I often thought that I’d rather be the one going through treatment than intimately observing a loved one suffer. I felt helpless. All I could offer was caretaking of Nate while running our business and the logistics of our intertwined life. Since doing things felt like an act of love, I worked relentlessly. This made me feel helpful. Driving to endless treatments and doctor’s appointments while juggling the preparation of fresh juice and vegan food, organizing countless meds and supplements on top of the never-ending list of business as usual… I remember feeling pulled in too many directions with my sanity wavering like a glimmer of sunshine through gray skies.

Nate had always been the strong, athletic type full of adventure. “Natestrong” as we called him or “The Yeti” because of his love of the outdoors. But once cancer side effects kicked in, all Nate wanted was for me to sit with him on the couch with our cat, Abercrombie. But how could I simply sit when there was so much to do and so little time?! Looking back, I’d gladly trade that relentless list full of trivial things for quality time with my partner-in-crime. I often think of this when I sit down to binge on Netflix with my new partner and pup. Why was it so hard then? Guilt.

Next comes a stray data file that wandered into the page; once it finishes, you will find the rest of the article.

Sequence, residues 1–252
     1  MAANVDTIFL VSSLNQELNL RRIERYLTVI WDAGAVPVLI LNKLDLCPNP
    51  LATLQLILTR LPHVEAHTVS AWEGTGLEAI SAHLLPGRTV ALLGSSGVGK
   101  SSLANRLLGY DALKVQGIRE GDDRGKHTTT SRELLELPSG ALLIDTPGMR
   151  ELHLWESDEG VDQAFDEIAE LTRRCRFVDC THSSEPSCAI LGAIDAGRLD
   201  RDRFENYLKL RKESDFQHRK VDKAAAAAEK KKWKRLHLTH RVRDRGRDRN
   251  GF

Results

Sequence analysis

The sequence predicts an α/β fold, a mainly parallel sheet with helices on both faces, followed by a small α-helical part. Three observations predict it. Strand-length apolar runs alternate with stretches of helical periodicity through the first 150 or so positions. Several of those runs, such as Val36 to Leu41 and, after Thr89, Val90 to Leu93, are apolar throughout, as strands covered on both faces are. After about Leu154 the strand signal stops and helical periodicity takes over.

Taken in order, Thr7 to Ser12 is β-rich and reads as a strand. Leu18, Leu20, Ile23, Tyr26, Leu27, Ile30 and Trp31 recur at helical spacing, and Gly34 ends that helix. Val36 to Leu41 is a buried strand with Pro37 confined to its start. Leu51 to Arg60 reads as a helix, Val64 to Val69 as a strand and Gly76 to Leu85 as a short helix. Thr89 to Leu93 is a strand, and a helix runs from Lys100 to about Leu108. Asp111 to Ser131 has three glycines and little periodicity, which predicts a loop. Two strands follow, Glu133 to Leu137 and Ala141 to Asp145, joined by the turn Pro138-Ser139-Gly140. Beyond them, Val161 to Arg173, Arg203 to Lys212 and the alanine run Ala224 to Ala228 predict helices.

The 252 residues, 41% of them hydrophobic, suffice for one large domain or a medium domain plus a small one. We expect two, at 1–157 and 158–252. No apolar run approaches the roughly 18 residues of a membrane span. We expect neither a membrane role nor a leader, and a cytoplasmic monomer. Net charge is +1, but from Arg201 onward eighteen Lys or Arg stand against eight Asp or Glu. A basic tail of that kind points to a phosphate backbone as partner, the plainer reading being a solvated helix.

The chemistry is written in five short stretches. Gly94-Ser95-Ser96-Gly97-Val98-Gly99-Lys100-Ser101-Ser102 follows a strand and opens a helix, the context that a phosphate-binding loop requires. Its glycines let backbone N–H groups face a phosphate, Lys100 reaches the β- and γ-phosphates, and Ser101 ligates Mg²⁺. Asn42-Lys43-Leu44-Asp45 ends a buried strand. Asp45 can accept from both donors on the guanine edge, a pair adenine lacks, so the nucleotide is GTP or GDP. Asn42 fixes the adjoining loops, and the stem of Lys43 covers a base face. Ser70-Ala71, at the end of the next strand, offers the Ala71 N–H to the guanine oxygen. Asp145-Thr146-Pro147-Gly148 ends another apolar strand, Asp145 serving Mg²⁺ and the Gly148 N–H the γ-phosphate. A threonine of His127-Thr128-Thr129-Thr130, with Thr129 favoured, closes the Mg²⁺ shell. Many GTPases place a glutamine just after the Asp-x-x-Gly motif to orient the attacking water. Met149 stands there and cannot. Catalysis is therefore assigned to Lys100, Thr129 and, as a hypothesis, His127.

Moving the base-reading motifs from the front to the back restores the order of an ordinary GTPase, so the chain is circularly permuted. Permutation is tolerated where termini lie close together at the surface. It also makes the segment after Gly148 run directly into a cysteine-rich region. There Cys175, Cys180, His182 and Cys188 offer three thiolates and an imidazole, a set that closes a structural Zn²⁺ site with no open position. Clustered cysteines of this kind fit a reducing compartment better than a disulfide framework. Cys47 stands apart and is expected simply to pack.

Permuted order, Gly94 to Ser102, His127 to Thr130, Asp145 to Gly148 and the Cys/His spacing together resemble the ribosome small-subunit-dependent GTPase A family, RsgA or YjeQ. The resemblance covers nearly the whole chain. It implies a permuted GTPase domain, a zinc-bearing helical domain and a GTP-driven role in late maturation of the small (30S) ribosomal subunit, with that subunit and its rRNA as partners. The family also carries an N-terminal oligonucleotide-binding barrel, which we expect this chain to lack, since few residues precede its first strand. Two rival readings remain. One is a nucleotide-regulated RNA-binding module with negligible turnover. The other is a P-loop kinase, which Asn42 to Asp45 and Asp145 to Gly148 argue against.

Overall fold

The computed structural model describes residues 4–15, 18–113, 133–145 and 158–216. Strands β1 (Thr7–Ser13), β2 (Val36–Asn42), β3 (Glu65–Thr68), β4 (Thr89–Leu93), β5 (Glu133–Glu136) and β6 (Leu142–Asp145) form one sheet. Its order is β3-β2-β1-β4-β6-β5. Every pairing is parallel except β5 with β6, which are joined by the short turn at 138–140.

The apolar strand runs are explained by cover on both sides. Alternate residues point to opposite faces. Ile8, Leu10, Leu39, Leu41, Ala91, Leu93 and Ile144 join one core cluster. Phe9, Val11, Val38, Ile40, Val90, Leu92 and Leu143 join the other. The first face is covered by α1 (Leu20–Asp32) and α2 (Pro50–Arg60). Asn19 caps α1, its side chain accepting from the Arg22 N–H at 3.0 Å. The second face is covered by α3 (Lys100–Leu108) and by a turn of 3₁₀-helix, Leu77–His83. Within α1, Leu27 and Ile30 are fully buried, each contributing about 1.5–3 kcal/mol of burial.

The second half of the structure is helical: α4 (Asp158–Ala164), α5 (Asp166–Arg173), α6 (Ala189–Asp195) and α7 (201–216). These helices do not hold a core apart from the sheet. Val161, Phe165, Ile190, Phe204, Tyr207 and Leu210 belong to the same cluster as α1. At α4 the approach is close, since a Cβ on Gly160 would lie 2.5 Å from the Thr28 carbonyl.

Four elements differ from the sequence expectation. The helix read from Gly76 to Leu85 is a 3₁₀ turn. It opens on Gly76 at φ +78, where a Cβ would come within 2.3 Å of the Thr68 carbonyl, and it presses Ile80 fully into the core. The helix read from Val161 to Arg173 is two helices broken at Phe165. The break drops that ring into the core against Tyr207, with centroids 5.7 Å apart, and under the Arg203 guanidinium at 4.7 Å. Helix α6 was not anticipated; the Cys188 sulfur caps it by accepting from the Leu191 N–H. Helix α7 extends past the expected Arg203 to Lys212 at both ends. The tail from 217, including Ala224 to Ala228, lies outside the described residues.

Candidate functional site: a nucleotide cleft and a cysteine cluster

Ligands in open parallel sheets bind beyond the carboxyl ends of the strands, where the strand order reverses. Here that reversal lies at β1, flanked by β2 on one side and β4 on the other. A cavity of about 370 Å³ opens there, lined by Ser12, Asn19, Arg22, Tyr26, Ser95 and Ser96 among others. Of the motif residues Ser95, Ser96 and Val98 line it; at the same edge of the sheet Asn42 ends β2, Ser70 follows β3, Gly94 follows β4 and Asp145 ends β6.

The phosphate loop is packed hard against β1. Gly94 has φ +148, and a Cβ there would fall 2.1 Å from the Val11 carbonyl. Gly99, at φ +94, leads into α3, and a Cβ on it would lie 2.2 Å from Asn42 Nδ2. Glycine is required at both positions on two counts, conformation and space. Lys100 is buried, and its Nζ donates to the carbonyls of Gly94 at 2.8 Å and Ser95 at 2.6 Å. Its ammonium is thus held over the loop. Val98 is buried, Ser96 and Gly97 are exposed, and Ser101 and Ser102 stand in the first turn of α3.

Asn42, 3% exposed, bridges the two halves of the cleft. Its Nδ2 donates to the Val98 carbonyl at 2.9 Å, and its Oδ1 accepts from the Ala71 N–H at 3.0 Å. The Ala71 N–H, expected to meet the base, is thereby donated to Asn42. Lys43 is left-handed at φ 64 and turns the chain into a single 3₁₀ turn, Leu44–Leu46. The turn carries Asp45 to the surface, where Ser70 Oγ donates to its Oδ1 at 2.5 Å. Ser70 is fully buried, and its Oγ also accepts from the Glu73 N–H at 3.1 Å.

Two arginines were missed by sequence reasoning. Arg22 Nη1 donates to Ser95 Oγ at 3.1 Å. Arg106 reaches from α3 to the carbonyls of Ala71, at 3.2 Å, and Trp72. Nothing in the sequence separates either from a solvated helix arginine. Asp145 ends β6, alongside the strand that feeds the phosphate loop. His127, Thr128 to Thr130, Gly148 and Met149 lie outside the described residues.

At the end, Natestrong confirmed his strength and held on so long that it was hard to know when he would take his last breath. As it turns out, I wasn’t there. I convinced myself that he was protecting me, that Nate didn’t want me to be present for his grand exit. He said goodbye in a different way, I assured myself. I was this guilt-stricken girl who was too numb to even grieve. His parents brought him into this world and were the ones to help him leave it. There are times this hint of negligence still haunts me today.